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    No, I'm asking you to seriously consider what it means when a data file gets "infected". Part of this is terminology, part of this determines how you handle the situation.

    When you discuss data file protection, you're really discussing protection against possible theft of the information or corruption of the file. That's pretty much it.

    You have an external backup, that deals with the corruption aspect if managed appropriately.

    As for the theft aspect, the focus shouldn't be on malware writing to files, but the simple acts of reading or copying those files. This is the initial step in which the act of theft occurs - everything after that is delivery of the information. If the files are suitably encrypted, and the encryption keys are sufficiently strong and unavailable to an interloper, it really doesn't matter if the files end up in the wrong hands. Those hands really won't be able to do anything with them.

    Of course, wholesale encryption can have it's downsides under some circumstances. Recovery can be problematic in the event of partial corruption, keys can get misplaced, and so on - nothing that a little preplanning cannot adequately address (say offline storage of an unencrypted backup volume).

    To protect data - any data - you need to make it unavailable. Unavailable means inaccessible. The inaccessibility can be via lack of any physical access (keep your D: drive offline always) or via a mechanism that completely obscures the content of the files (i.e. encryption of some form).

    As for files "being held for ransom" via secondary encryption, wasn't there was an external backup of the data partition? How is that also being held ransom?

    My point is that focusing on "infection" focuses on the wrong topic.

    Blue
     
  20. Huupi

    Huupi Registered Member

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    There is no virus known to man that can decrypt the file,insert itself and encrypt again,so you generally safe but the encrypted file must be clean before encryption !!
     
  21. ErikAlbert

    ErikAlbert Registered Member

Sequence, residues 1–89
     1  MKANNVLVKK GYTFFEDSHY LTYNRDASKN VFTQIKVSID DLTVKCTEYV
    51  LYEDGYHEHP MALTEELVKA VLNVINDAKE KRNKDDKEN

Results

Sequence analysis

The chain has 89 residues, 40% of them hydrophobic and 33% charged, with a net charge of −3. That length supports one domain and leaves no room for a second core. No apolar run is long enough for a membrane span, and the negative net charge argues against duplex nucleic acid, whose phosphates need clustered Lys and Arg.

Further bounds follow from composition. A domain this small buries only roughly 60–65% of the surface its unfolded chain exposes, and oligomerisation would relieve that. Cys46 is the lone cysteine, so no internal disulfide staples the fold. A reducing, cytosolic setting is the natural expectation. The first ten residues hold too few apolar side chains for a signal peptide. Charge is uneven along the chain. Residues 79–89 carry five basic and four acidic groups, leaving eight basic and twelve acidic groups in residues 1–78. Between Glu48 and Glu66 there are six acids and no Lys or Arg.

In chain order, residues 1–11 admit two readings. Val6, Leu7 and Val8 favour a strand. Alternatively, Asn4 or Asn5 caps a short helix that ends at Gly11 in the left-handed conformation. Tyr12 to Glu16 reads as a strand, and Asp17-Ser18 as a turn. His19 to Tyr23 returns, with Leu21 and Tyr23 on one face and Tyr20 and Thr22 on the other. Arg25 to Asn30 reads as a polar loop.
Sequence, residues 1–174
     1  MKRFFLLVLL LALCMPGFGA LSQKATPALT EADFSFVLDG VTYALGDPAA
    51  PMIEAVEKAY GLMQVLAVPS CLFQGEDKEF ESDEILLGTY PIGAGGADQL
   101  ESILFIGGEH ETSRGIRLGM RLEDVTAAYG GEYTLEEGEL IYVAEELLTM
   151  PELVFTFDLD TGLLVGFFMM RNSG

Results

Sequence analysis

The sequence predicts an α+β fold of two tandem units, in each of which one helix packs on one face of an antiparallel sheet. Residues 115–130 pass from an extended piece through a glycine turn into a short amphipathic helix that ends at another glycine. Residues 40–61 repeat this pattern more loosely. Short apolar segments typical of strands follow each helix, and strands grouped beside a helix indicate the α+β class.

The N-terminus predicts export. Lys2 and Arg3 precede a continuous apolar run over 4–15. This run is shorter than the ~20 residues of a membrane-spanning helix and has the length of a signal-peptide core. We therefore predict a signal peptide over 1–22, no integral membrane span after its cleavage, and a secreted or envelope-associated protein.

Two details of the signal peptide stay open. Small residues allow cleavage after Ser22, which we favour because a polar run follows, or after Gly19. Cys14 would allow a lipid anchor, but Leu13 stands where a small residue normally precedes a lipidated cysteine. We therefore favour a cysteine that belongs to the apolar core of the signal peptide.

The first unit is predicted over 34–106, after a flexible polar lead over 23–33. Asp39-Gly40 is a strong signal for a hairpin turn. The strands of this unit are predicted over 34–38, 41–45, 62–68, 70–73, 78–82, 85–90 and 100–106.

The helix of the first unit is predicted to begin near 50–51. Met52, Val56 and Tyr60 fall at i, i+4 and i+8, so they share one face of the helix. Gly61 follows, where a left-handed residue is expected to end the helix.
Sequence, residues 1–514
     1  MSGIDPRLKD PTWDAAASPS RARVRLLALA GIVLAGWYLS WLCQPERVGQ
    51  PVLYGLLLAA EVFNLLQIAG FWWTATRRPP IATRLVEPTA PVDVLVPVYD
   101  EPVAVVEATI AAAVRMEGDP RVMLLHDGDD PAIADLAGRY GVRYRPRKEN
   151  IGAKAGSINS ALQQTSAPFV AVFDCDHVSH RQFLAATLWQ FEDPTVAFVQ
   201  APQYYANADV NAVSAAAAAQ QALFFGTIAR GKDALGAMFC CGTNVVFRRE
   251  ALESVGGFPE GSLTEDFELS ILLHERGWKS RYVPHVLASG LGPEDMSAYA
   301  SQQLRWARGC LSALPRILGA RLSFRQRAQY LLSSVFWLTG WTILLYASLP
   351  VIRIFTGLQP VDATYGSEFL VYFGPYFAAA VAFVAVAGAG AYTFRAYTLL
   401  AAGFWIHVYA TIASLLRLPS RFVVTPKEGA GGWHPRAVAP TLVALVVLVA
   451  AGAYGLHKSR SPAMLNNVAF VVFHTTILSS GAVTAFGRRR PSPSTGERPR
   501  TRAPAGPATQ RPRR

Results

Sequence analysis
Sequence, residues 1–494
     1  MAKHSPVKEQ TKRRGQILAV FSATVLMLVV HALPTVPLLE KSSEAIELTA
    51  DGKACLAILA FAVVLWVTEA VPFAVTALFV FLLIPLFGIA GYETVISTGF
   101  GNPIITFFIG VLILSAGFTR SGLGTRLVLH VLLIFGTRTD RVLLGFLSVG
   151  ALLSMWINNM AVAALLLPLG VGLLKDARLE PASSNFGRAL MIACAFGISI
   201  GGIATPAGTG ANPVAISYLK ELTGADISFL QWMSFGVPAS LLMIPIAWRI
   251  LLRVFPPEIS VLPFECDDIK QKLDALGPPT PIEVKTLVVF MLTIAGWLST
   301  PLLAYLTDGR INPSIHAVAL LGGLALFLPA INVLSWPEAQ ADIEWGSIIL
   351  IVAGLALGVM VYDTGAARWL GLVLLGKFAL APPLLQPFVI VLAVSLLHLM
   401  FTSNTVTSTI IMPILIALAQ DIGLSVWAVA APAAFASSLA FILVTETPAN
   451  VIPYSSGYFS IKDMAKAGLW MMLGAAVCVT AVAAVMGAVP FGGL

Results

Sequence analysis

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    Except when the encrypted partition/container is mounted.

    What about locking [D:] ?
     
  22. Huupi

    Huupi Registered Member

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    Excluding physical theft, Nowadays the focus is on stealing your sensitive personal data so you have to take measures against it. Solution is easy: have in no way anywhere on your system that precious data stored,and be cautious in online banking so encrypting your keyboard and look out for fakey sites.
    As an alternative there are free Password/Account encrypters all over the web,who brings even the FBI at tears !
     
  23. Huupi

    Huupi Registered Member

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    You realy care on sensitive data which in case exposed to the bad guy,cost you money so protect---login/bankaccounts/passwords/e-mail password etc.
    So in very theoretical scenario they will steal your Video's , so what,or your Audio files ,who cares,what realy matters IMO is to keep the keyloggers at bay.
     
  24. kennyboy

    kennyboy Registered Member

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    Keyloggers do seem to be the one area that we are still vulnerable to, and would be and is my greatest concern. No matter how remote you keep your sensitive data from the bad guys, it becomes vulnerable when you have to access it via your keyboard..
    Did you mention Keyboard Encryption?
    Whats that?

    Ken
     
  25. tradetime

    tradetime Registered Member

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    I doubt too many keyloggers are likely to install themselves in the data partition, even at that they still have to execute, beat the HIPS and firewall